Alphabooks: M is for Major

M: Major Book Hangover Because Of…

Although I originally conceived of this prompt as “a story so intense or engrossing that you can’t quite get over it or emerge from that world for awhile,” I’m not certain if that’s what Ms. Jamie was going for.  So, going with my inclination to pursue all possible roads:

Book that made you stumble about, head swollenTechnopoly and 1984 are probably the most recent suspects for this one.  Both of them filled my mind with ideas and indicated that there was so much out in the world to perceive – though not all of it welcome.

Father Brown omnibusBook that gave you a headache:  The Father Brown Omnibus – but it’s not the book’s fault any more than it would be Tanqueray’s fault if I drank the whole bottle.  And the Omnibus has 53 stories, not a dozen or so: a Methuselah rather than a standard bottle, and all so delicious that I didn’t put the book down until my eyes blurred.

Book that made you throw up:  …okay, I included this because it seemed thematic, but this hasn’t yet happened to me.  Either it’s worked out quite neatly to avoid horror books, or I’ve repressed the memory of whatever dreadful thing provoked emesis.

Book that filled you with regret the next dayPostern of Fate.  I’d been warned that the Tommy and Tuppence books were not Agatha Christie’s best, but this one, written as she grew older and lost some of her edge, is probably the worst of the lot.

Book(s) whose world is hard to leave:  The possibilities are many!  After I read The Magician’s Nephew, I longed for some way to reach the Wood Between the Worlds.  After I read Harry Potter a couple dozen times, I brought up Hogwarts and all the implications of magic whenever it could possibly be applicable.  After I read The Silmarillion, I longed to hear the Valar singing together.  After I read The Hunger Games, I went shopping for groceries and was stunned by the amount of food I could just buy if I wished to.  After I read Gaudy Night, I wanted to retreat to an ivied tower to dig into some academic pursuits.  And so on.

What books have been intoxicating to you?

Why I Haven’t Read That Book Yet: Sleep

Why I Haven’t Read That Book Yet, Part 3: I Keep Falling Asleep

There are a number of wonderful books which, though highly recommended, I have not finished because I fall asleep every time I try to read them.  Even when I’m not reading in bed, I fall asleep: I curl up in my chair, I melt into the couch, I lie on the floor like a cat.  This probably indicates that I don’t get enough rest at night, but perhaps it also indicates something about my reading material.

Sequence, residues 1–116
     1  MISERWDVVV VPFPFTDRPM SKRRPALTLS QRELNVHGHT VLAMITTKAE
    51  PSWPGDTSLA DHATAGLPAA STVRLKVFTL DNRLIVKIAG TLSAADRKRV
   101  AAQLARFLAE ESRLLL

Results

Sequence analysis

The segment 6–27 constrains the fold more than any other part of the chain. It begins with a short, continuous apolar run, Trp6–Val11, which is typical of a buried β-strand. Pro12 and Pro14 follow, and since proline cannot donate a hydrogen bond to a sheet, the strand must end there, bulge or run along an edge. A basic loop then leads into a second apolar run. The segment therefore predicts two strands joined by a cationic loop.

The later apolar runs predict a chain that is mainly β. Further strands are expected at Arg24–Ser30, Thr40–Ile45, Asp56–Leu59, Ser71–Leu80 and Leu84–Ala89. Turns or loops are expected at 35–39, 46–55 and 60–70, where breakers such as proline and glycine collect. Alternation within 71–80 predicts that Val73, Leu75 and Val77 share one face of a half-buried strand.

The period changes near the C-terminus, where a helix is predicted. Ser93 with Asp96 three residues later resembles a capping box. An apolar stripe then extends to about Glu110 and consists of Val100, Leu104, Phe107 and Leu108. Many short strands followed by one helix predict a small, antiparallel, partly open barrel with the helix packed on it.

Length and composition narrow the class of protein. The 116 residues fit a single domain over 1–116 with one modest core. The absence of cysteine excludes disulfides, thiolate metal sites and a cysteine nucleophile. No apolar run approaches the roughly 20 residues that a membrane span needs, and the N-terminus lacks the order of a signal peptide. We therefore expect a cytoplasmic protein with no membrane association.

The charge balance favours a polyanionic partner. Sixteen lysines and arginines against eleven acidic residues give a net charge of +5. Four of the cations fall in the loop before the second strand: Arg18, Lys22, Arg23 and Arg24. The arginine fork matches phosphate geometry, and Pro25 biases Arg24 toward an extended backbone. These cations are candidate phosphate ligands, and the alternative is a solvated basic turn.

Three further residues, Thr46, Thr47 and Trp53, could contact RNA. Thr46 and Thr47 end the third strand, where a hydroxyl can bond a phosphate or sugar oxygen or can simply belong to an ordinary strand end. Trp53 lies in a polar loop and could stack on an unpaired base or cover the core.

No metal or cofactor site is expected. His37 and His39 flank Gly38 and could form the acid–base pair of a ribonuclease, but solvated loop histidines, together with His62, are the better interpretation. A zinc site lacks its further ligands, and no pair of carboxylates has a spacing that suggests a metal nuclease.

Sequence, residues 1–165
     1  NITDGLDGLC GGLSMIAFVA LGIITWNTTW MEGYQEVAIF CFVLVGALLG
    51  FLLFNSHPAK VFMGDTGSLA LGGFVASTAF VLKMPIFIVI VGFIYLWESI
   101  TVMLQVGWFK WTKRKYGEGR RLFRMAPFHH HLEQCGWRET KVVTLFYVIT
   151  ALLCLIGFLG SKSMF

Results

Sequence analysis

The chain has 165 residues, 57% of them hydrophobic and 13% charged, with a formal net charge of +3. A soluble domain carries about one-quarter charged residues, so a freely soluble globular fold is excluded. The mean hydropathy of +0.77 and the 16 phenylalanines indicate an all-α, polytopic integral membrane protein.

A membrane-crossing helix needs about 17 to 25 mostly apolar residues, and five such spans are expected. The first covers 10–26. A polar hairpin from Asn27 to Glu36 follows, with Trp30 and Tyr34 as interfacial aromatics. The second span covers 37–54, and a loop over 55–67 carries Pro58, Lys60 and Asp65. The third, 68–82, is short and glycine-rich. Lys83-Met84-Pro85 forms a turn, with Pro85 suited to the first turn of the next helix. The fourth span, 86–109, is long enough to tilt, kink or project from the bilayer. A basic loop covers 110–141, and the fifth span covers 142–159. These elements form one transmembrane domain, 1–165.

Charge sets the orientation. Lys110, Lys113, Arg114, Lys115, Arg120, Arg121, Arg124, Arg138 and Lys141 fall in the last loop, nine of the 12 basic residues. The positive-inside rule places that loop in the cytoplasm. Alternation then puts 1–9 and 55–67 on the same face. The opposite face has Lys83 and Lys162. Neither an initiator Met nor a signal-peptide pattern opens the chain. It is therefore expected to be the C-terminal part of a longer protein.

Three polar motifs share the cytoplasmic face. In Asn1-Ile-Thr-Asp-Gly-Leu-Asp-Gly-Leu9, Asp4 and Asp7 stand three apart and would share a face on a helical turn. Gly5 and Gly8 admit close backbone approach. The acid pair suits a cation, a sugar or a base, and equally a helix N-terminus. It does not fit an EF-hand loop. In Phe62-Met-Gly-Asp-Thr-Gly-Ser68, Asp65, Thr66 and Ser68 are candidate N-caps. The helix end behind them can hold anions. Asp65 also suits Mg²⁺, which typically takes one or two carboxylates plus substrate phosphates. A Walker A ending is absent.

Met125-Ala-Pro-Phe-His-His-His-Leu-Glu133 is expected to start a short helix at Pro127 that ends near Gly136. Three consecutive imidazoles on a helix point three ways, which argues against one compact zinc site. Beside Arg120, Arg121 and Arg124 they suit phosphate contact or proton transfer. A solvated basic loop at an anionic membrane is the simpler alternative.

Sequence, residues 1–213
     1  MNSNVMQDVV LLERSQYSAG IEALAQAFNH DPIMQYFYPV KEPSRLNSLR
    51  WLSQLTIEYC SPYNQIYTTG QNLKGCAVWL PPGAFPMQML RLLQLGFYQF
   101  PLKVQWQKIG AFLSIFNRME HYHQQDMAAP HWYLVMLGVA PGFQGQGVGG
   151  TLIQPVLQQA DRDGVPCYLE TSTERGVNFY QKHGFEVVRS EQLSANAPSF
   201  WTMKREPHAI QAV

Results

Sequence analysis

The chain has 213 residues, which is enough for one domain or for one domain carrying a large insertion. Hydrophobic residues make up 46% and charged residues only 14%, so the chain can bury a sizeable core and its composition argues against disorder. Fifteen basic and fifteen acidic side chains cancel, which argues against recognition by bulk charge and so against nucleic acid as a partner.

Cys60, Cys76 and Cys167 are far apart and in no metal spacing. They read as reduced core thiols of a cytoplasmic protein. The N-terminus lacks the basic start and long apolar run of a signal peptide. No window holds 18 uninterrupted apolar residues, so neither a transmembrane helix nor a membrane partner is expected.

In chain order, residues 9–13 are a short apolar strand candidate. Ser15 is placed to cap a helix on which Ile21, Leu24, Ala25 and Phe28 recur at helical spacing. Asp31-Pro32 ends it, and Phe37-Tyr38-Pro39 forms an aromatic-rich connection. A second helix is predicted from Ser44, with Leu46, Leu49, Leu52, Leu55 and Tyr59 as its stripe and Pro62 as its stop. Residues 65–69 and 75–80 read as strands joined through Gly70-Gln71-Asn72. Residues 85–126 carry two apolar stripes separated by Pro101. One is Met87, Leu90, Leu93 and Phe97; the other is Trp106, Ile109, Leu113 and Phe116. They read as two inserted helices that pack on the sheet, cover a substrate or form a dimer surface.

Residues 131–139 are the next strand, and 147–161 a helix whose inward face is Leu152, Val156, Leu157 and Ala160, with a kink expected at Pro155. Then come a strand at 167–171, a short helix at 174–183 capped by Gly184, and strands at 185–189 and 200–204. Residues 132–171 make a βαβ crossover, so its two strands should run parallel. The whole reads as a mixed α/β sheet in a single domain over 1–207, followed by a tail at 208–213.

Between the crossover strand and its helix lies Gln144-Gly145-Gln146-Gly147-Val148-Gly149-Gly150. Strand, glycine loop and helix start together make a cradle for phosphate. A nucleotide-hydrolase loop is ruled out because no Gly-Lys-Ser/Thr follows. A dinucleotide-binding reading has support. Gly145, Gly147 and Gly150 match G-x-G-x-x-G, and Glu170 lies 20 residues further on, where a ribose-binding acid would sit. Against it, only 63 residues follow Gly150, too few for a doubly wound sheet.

kitty sleeps on book

Some might think falling asleep indicates the book is dull.  I think it mostly reflects the reader’s (lack of) wakefulness, blood circulation, and attention span; it’s not necessarily the book’s fault.  Thalia and I discussed the fact that though Pieper’s Leisure: The Basis of Culture is beautiful, lucid, and interesting, we conk out after a few pages.  My theory is that the ideas are heavy.  It’s like trying to balance a number of well-cut rocks.  You can follow where the reasoning goes, but you also have to carry where you’ve been with you, as though you were trying to pick up a road as you walk on it.  That’s the heavy bit, keeping all those premises in mind, and it exhausts my brain.

Leisure the Basis of CultureOrthodoxyStudies in WordsFrankenstein

Presumably this is also why I fall asleep reading Orthodoxy and, to my shame, Studies in Words.  Possibly I made my attempts at both books in a severely compromised state, since by all rights I ought to have read and loved them by now.  It’s why I never finished my Intercollegiate Studies Institute Reading (work by Kirk and Burke, oh my) or Frankenstein (which still waits on my bedside table for me to return to it).

What books have you fallen asleep reading?

In Pursuit of the Obvious

In the course of writing last night’s post, I struggled to corral my thoughts so as to share them in an orderly fashion.  But these other quotations express a little bit more on the subject, so I wanted to share them too.


I am the man who with the utmost daring discovered what had been discovered before. If there is an element of farce in what follows, the farce is at my own expense; for this book explains how I fancied I was the first to set foot in Brighton and then found I was the last. It recounts my elephantine adventures in pursuit of the obvious. No one can think my case more ludicrous than I think it myself; no reader can accuse me here of trying to make a fool of him: I am the fool of this story, and no rebel shall hurl me from my throne.  – GK Chesterton, Orthodoxy

Five senses; an incurably abstract intellect; a haphazardly selective memory; a set of preconceptions and assumptions so numerous that I can never examine more than a minority of them – never become even conscious of them all. How much of total reality can such an apparatus let through? – CS Lewis, A Grief Observed